The University of Iowa LibrariesThe Biographical Dictionary of Iowa: Jacket Art - Agriculture - Cresco, Iowa by Richard Haines ca 1934 -  Photo by Scott Christopher courtesy of Gregg Narber


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Kenyon, William Squire
(June 10, 1869–September 9, 1933)

–attorney, judge, and U.S. senator—was born in Elyria, Ohio, one of four children of Fergus L. and Hattie A. (Squire) Kenyon. Of Scottish birth, his father was a Princeton-educated professor of Greek, a Presbyterian minister who became a Congregationalist, and a college president. The family moved to Iowa when Kenyon was a child, and he would claim Fort Dodge as his lifelong home.

    Kenyon attended Iowa College (now Grinnell College) for two years before transferring in 1888 to the Law Department at the State University of Iowa, where he received a law degree in 1890. He was admitted to the bar the next year and began to practice law in Fort Dodge. Law was Kenyon's love, and he rose rapidly in the profession. In 1892 he was elected prosecuting attorney of Webster County and held that position for five years. He was elected judge of the Eleventh Judicial District of Iowa in 1900, but the low salary caused him to resign and resume private practice after two years.

    On May 11, 1893, he married Mary Duncombe, whose maternal grandfather, Major William Williams, was a founder of Fort Dodge and whose father, John F. Duncombe, was an attorney for the Illinois Central Railroad Company. Kenyon formed a partnership with his father-in-law and, after John Duncombe's death, became general counsel for the Illinois Central during the first decade of the 20th century. President Taft appointed him assistant to U.S. Attorney General George W. Wickersham in March 1910. His antitrust suits against packinghouses, railroad rebates, the Southern Wholesale Grocers' Association, the Chicago butter and eggs trust, and a harvester trust won him the political spotlight.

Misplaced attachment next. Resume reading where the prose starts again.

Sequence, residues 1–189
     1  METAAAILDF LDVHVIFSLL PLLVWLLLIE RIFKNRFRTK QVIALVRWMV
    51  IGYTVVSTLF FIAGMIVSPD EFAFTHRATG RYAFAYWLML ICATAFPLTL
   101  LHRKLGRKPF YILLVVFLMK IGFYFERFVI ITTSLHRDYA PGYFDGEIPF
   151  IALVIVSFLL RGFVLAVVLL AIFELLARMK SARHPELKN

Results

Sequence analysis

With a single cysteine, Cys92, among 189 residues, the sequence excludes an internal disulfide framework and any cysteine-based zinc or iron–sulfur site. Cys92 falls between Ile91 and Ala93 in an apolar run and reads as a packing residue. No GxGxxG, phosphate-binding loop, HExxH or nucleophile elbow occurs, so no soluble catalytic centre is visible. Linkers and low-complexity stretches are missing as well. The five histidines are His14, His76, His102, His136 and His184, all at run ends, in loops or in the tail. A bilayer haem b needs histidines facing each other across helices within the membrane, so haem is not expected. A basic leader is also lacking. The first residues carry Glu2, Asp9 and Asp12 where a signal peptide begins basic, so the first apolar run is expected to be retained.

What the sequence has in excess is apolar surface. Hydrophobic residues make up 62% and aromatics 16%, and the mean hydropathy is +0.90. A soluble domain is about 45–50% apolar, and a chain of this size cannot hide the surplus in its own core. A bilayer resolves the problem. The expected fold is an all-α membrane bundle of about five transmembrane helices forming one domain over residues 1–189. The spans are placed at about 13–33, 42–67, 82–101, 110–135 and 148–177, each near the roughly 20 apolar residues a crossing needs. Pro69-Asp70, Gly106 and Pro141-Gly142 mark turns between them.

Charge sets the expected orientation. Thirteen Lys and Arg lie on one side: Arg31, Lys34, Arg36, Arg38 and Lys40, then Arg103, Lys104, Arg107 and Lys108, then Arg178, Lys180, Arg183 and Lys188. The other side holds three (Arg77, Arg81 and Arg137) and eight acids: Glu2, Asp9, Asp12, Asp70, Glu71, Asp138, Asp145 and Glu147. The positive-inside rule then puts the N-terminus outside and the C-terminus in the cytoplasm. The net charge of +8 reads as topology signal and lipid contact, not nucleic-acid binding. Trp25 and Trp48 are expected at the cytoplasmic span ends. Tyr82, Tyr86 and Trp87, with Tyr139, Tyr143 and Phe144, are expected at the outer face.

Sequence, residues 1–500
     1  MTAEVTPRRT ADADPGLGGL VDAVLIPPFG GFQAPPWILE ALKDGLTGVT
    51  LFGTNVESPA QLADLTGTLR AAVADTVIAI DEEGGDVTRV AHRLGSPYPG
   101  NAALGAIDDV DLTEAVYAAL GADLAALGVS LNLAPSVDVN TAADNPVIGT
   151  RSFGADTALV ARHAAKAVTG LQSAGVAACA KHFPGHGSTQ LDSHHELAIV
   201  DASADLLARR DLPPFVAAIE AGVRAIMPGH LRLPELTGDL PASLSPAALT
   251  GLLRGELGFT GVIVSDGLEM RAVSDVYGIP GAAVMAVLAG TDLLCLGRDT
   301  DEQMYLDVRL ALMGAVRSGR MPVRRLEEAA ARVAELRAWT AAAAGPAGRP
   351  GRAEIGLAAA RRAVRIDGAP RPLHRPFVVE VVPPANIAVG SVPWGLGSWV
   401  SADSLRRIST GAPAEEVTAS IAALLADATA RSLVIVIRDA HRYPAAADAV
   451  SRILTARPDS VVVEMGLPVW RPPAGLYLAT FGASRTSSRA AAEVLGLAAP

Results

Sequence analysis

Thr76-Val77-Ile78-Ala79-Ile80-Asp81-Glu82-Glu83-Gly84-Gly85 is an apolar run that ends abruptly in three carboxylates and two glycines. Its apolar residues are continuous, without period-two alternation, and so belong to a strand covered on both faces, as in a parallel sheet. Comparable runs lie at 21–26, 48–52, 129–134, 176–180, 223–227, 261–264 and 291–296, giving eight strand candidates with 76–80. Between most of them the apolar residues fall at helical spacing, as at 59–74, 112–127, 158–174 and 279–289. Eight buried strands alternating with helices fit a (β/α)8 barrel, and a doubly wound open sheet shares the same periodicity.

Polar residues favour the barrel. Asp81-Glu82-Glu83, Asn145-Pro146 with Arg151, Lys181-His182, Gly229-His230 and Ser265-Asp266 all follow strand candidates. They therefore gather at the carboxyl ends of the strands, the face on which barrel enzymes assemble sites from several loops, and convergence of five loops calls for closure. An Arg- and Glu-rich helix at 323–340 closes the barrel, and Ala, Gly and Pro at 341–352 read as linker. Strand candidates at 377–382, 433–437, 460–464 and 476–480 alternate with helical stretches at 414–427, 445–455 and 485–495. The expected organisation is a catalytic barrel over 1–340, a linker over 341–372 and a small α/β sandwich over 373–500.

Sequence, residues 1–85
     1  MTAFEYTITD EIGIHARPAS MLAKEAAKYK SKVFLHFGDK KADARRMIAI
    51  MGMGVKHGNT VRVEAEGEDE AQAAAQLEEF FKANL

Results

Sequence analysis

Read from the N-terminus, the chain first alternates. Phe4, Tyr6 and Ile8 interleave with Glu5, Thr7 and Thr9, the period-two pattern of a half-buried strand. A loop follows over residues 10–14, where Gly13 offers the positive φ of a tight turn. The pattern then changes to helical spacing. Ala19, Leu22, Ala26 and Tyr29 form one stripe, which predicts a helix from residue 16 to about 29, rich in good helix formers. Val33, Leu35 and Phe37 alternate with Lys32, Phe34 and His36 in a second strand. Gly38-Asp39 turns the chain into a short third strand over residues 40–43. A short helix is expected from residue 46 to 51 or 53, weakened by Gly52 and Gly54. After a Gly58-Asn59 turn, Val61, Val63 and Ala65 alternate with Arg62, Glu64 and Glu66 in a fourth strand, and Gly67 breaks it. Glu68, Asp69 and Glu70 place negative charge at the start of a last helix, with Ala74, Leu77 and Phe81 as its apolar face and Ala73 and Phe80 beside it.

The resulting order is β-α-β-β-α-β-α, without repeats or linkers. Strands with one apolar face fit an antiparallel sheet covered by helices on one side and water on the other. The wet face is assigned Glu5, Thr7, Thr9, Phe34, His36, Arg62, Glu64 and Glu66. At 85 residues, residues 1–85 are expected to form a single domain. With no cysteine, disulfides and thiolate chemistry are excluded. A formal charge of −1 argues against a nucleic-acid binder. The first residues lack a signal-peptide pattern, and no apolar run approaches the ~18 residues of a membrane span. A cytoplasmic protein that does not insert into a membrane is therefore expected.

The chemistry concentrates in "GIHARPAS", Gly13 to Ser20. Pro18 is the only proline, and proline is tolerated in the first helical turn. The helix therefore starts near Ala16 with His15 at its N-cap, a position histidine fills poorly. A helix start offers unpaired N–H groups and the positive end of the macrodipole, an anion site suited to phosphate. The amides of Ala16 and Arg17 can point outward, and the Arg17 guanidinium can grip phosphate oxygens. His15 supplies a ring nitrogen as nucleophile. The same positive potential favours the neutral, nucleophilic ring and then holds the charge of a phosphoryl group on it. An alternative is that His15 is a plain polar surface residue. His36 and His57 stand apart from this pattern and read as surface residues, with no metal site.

That step in his career was cut short when Jonathan P. Dolliver, U.S. senator from Iowa, died in October 1910. After 67 ballots during a three-month deadlock in the state legislature, Kenyon, on the day of adjournment, April 12, 1911, was elected to fill the unexpired term. Thus Kenyon, a proponent of direct election of senators, was the last Iowa senator to be elected by the state legislature. The 17th Amendment to the U.S. Constitution providing for direct election was adopted on May 31, 1913, just after he was elected to his first full term, and he was reelected without opposition by direct ballot in 1918.

    Kenyon, a progressive Republican, was a popular senator known for his hard work, integrity, moral courage, and sympathy for the common person, and his independent views sometimes engendered the labels "Insurgent" and "nonconformist."His legislative list is long and varied: support for revision of tariffs downward, an income tax, a federal corporation tax, increase of soldiers' pensions, regulation of interstate liquor traffic and the coal industry, a federal tribunal to settle employee-employer disputes, prohibition of using patents to create monopolies, and opposition to wasteful expenditures. Three bills bear his name: an amendment to the Sherman Antitrust Act allowing jail sentences for trust offenders, a freight bill, and the Webb-Kenyon law preventing shipment of liquor to dry territories. He was opposed to World War I but became an ardent supporter of the effort once the United States entered the conflict. In 1918 the republic of Czechoslovakia decorated him for assisting its liberation. Although he supported Taft in 1912, he opposed some of the roughshod tactics used against the progressives.